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This season also digs into the Galrans a little bit more with the Blade of Marmora. How did you decide this was something you wanted to do in season 2?
DOS SANTOS: It just felt appropriate. It’s something that we’ve planted pretty early on. Even the knife that Keith uses to break Shiro free from his straps, it’s wrapped up for a reason. Planting those little visual cues is something that we had in mind from Day 1.
MONTGOMERY: And the fact that we’ve worked on shows that have such deep lore to their worlds, it just seemed like the right way to go. We knew we were starting out with a story that had a bad guy and this bad Galra empire and it seemed very black and white at first. We had to establish that these guys are bad, these guys are good, and you set that pace. Now that that pace has been set, we can now dive a little deeper into the world and show that “Oh wait, not all of them are bad. Everything is gray.” That’s the crazy thing about making a show feel real and deep. Everyone has their motivation and that has to seem real to them whether they’re right or wrong to us. So just showing that not everyone supports Zarkon and is on his side just adds to the depth and hopefully makes it a more interesting world to dive into.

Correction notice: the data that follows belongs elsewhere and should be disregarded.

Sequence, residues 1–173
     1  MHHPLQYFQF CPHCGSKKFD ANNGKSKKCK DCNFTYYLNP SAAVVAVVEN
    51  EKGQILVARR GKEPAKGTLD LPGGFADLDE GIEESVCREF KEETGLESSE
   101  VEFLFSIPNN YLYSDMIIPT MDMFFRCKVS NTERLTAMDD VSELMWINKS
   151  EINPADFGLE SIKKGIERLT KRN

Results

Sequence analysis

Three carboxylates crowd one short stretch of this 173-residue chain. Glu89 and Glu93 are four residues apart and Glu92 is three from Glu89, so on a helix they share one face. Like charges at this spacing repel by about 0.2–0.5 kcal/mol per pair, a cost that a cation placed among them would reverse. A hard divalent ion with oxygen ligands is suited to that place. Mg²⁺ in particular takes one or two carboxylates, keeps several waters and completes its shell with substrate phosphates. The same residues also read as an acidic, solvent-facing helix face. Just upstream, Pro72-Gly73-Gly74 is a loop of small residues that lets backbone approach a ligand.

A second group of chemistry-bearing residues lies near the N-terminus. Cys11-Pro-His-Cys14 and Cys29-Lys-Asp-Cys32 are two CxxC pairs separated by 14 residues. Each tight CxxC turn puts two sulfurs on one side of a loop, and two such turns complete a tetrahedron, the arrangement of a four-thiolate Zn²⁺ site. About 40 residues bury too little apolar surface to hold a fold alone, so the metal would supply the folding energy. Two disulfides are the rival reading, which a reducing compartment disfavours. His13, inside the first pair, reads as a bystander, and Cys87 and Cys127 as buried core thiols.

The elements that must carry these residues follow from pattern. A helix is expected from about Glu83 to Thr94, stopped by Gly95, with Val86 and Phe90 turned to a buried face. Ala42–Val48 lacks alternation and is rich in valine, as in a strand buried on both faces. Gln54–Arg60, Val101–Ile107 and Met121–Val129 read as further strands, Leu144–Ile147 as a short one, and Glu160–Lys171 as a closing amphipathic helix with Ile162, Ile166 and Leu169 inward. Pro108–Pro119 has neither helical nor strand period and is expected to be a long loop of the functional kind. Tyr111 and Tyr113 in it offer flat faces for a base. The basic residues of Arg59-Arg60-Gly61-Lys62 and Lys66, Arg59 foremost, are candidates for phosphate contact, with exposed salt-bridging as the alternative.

DOS SANTOS: For us, it was a pretty big revelation in the room that the Galran people at one point may not have been evil, and were a thriving race that did good throughout the galaxy. But at some point things pivoted and went sour, and as a result, you got a rift. It just paints a much deeper canvas for us to play in.
And it’s interesting because we discover that Haggar is Altean which seems like a flip of that because now they’re capable of evil.
DOS SANTOS: Right! Evil and corruptible.
MONTGOMERY: Again, it super huge to Alurra. She’s learned in this season, there’s plenty of Galra that are good and are fighting against Zarkon, [and] one of the worst people in the universe is Altean. So it’s a complete revelation for her, but ultimately it helps her grow. And it shows just how far back and how intertwined the histories of the Galra and the Alteans are because we’ve painted this picture of Alfor versus Zarkon, but it wasn’t always the case… Maybe in the future we’ll get to see how Haggar and Zarkon met and how did she come to want to support this character that’s basically destroyed her whole planet. It just opens up more questions that I hope people will want to see the answers to.